Georgia lawmaker wants to suppress minority votes so GOP can win elections again


A new bill would force voters to mail in copies of their photo ID twice if casting an absentee ballot.

A Republican lawmaker in Georgia is making it harder for minority voters to cast a ballot in the wake of his party's stunning election losses over the past few months.

Georgia State Sen. Jason Anavitarte introduced legislation on Wednesday that would force voters to provide a photocopy of their ID for their absentee ballot applications, as well as when they return them.

Accepted identification for the bill would include a driver’s license, voter ID card, U.S. passport, government employee ID, military ID card, or tribal identification card. Military members and overseas voters would be exempt from having to return a copy of their ID.

Fair Fight Action, a national voting rights organization based in Georgia, quickly slammed the bill, saying that it intentionally hurts voters of color.

"By requiring access to a printer, which many Georgians obviously do not have, Republicans are attempting to purposely take away the ability of many Georgians to vote by mail simply because they believe too many Democrats and too many people of color voted by mail," Seth Bringman, a Fair Fight spokesman, told the Atlanta Journal-Constitution.

The bill is the latest in a line of attempts by state Republicans to fix future elections in their favor — often by targeting minority and low-income voters — following the party's shocking defeats in the presidential election and January runoffs.

In December, the state Senate Republican Caucus released a statement calling to eliminate no-excuse (or at-will) absentee voting that allows voters to request an mail ballot for any reason, as well as to ban ballot drop boxes. They vowed to introduce legislation on the matter.

The November election had seen record numbers of absentee or mail-in voting, especially among Black voters, due to safety concerns over the coronavirus pandemic.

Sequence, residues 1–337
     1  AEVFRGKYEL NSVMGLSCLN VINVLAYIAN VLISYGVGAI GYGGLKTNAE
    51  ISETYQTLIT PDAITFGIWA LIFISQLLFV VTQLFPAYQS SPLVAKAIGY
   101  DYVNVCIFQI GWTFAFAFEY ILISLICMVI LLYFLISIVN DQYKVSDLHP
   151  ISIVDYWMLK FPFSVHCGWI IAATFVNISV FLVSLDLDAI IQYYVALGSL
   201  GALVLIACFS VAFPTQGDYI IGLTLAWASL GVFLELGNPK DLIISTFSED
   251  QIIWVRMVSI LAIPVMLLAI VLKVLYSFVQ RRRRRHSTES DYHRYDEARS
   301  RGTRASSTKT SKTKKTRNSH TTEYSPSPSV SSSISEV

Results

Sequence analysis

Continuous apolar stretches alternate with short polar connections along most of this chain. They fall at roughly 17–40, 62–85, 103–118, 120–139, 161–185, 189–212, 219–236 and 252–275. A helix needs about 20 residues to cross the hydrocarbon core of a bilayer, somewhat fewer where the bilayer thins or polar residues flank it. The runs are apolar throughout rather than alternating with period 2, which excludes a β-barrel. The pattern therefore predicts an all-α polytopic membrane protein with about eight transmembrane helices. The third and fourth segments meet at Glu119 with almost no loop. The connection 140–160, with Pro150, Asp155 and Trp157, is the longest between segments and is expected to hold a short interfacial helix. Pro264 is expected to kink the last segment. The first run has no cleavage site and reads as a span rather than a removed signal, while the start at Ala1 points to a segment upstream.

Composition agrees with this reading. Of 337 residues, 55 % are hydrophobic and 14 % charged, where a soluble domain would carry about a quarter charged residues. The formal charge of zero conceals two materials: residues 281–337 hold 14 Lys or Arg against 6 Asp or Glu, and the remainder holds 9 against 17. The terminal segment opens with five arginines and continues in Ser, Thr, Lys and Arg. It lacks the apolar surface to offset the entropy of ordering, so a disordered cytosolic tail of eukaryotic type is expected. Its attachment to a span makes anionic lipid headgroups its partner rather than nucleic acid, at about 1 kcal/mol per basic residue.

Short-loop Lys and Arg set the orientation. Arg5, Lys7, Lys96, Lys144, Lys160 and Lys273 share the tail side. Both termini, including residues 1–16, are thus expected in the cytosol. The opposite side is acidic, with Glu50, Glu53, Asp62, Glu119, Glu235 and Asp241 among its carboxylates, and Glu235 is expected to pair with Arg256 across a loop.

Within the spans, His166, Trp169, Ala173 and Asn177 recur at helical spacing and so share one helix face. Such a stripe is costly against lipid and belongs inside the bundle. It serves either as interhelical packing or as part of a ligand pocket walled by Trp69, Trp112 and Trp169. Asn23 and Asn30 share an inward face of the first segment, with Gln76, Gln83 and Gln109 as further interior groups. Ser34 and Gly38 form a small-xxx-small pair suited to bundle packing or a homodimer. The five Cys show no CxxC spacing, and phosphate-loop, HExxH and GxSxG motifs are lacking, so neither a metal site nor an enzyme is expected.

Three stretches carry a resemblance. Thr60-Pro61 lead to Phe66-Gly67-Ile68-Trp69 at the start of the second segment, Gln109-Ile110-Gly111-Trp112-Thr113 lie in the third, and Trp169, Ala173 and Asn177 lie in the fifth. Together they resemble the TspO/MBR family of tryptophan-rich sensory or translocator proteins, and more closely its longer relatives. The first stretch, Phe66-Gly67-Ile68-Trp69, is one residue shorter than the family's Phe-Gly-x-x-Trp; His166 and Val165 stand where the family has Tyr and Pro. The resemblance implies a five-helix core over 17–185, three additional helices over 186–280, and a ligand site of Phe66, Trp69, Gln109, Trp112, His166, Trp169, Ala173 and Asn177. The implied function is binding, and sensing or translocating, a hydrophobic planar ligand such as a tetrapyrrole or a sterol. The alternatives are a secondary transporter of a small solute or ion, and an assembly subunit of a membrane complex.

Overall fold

"We will reform our election laws to secure our electoral process by eliminating at-will absentee voting. We will require photo identification for absentee voting for cause, and we will crack down on ballot harvesting by outlawing drop boxes," the statement said.

Jon Greenbaum, senior deputy director for the Lawyers' Committee for Civil Rights Under Law, which has been tracking Republican legislation on voting and elections, pointed out that in 2005, Georgia's GOP leaders did not require photo ID for absentee voting when the state passed a law mandating IDs for in-person voting. He told USA Today that during that time, Republican voters in general employed mail-in voting in larger numbers than Democratic voters.

But now, Greenbaum said, "this has all flipped."

"It's not consistent — after this 2020 election in which voters of color and Democratic voters were more likely to use vote-by-mail — to now all of a sudden have all these restrictions," he told the outlet.

Lauren Groh-Wargo, the CEO of Fair Fight Action, also pushed back against the Republican efforts.

"Georgia Republicans are weak and desperate,” Groh-Wargo tweeted in December. “Guys, Florida and Ohio have similar vote by mail laws as GA and Trump was able to win both states! Access to mail balloting is good for all Americans; the GOP needs to just step up its (get-out-the-vote) game instead of focusing on voter suppression."

President Joe Biden defeated Donald Trump in Georgia last November, garnering approximately double the amount of absentee ballots as the then-White House occupant, according to the secretary of state’s office.

Senate Democrats Jon Ossoff and Rev. Raphael Warnock also won their runoff races in January against incumbent GOP Sens. David Perdue and Kelly Loefler, respectively.

Political analysts have noted that more Democrats typically vote by mail these days than Republicans, according to the Associated Press.

After his loss, Trump pushed countless unfounded and debunked election fraud claims targeting predominantly Black and brown cities in places like Georgia, which state's legislators then used to cloak their subsequent attempts to suppress those votes.

"We must do everything in our power to ensure votes are not stolen, cast fraudulently or plagued by administrative errors," Georgia Republican House Speaker David Ralston said in a statement in December.

Though Ralston has opposed ending no-excuse voting, he indicated support for requiring photo ID for mail-in ballots, Savannah Now noted.

"People are concerned [about fraud claims] and I think we have to address those concerns," he said earlier in January.

Published with permission of The American Independent Foundation.